I think that Finno-ugric languages are beautiful whatever the alphabet we use to write them.
Though I especially like rovasiras and abur script as they are dedicated to some Hungarian and Komi.

Posted: 2007-08-20, 16:53
by Egein
I just think that they look much cooler in the latin alphabet.

Posted: 2007-08-21, 9:21
by Loiks
Egein wrote:I just think that they look much cooler in the latin alphabet.


You're absolutely right! But there is a law in today's Putinist Russia that only Cyrillic alphabet can be used for writing officially, Latin is not allowed. Another thing is that those little nations are badly russianized and the Russian alphabet is more understandable for them. It's the same thing for instance why Livonian had to use Latvian spelling or Võro has to use Estonian spelling. It's about bilingualism and education.

My friend took Udmurt lessons at the University of Tallinn and I let her buy a textbook for me:

Игорь Ганеев, Юрий Перевозчиков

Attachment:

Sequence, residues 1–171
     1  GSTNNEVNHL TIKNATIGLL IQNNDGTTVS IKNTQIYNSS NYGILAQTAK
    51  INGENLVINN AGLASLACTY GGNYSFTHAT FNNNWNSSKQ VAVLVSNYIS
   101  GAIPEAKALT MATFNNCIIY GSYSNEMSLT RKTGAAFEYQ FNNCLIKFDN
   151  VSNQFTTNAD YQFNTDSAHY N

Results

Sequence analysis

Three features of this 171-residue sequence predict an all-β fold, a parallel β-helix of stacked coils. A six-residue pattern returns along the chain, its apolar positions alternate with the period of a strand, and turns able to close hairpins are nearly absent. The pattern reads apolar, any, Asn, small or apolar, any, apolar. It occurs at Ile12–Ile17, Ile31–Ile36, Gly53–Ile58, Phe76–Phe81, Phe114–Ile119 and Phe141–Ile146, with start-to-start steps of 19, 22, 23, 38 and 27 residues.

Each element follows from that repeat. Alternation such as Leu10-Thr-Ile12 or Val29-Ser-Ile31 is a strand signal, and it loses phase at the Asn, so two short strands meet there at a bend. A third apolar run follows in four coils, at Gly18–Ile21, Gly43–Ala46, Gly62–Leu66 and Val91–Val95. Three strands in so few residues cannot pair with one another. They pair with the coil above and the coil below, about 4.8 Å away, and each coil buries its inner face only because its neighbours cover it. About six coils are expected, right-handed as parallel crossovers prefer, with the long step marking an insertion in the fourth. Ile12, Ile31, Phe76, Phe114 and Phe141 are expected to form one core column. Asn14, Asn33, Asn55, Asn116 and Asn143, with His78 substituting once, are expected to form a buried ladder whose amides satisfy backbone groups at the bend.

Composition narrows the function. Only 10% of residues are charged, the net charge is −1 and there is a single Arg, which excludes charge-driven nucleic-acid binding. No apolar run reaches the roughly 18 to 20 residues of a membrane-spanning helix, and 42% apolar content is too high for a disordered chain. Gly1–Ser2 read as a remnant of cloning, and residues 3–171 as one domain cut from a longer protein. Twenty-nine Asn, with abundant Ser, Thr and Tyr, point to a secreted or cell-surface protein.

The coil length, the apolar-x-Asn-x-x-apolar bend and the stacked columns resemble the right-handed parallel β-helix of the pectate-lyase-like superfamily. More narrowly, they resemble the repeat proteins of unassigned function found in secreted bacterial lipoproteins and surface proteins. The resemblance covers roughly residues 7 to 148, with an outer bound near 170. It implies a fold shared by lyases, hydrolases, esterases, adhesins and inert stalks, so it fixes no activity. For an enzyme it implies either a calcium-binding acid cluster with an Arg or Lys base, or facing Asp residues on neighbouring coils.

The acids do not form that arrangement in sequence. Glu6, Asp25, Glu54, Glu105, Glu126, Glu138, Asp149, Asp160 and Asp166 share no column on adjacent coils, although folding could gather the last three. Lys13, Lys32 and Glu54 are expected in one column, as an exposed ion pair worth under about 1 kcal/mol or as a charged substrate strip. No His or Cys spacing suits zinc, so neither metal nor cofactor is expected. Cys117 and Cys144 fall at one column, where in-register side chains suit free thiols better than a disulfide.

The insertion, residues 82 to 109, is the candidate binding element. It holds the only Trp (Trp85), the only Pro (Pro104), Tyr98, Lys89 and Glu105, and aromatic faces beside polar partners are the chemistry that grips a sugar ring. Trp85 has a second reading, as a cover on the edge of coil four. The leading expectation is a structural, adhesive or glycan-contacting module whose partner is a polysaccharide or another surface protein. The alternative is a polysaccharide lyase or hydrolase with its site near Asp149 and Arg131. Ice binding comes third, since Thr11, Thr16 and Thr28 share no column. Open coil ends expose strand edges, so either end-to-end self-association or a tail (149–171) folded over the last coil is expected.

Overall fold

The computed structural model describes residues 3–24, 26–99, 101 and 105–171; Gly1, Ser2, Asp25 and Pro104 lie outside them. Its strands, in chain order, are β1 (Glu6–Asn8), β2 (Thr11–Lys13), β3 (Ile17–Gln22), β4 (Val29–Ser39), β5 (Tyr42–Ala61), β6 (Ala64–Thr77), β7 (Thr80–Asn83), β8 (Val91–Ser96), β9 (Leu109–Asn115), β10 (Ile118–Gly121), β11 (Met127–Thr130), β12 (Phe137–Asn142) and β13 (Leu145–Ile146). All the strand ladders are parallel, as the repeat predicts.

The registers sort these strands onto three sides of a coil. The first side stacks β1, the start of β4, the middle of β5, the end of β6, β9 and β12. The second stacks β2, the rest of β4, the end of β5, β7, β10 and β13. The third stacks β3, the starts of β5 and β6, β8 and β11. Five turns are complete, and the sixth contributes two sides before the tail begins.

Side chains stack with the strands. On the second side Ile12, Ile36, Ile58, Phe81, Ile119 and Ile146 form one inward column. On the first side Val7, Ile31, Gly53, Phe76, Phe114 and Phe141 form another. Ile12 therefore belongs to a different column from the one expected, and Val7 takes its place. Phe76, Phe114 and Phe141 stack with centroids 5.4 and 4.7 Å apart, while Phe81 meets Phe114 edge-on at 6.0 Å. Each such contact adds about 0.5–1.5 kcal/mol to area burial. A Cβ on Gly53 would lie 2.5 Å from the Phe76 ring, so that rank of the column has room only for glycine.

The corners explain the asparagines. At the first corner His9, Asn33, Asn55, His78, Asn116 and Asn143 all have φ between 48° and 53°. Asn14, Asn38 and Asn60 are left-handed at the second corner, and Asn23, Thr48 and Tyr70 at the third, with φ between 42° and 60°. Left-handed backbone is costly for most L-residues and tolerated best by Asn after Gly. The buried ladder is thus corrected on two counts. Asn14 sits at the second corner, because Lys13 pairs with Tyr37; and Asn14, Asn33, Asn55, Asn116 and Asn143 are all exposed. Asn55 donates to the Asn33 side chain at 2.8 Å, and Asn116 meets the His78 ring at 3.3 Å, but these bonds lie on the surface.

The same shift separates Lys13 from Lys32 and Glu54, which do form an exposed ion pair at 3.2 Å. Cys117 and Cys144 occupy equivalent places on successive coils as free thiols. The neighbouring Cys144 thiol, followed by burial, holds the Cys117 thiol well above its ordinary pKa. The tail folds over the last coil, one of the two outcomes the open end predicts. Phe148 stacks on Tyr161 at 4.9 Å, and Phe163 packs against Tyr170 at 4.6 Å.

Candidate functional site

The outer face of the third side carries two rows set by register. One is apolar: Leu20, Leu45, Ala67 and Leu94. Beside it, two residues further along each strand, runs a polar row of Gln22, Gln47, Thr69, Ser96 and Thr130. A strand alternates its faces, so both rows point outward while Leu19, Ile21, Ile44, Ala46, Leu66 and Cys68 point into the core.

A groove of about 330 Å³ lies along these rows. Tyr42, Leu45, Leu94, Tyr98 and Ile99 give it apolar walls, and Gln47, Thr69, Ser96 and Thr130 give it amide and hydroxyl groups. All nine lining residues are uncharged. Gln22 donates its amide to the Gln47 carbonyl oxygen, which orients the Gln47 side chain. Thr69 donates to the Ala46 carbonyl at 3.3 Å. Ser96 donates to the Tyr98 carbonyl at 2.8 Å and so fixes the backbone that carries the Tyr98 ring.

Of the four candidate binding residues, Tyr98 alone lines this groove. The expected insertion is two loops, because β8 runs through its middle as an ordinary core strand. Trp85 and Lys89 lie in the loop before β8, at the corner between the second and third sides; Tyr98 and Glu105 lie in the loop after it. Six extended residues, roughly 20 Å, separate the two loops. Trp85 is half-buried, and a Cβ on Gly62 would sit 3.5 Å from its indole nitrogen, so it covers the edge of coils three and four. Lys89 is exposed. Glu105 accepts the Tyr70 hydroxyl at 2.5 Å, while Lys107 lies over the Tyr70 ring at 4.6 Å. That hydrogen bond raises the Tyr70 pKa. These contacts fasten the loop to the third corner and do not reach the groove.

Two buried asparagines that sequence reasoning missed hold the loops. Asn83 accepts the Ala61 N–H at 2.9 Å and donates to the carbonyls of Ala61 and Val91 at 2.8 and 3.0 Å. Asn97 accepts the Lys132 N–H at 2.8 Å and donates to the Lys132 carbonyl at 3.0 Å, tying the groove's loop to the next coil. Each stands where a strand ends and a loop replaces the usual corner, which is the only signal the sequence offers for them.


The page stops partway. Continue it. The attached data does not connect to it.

МАРЫМ, ЛЭСЯ...
Удмурт кыл нырысь кутскисьёслы
Удмуртский язык для начинающих
Udmurt for beginners

Ижевск „Удмуртия” 2005

Posted: 2007-08-25, 11:04
by benoit
"Marym les'a" is indeed a reference to learn Udmurt from an international point of view, as it is the only teaching book 100% in Udmurt. Every lesson/chapter is very much oriented to one of the main grammar features of the language.

The conversation guide (for French-speaking people) is more oriented to discussion and practical words and sentences for everyday life, though there is a grammar at the end.

Concerning alphabets, the latin one is convenient (especially without diacritic signs)* for using it with computers. Therefore I prefer it too.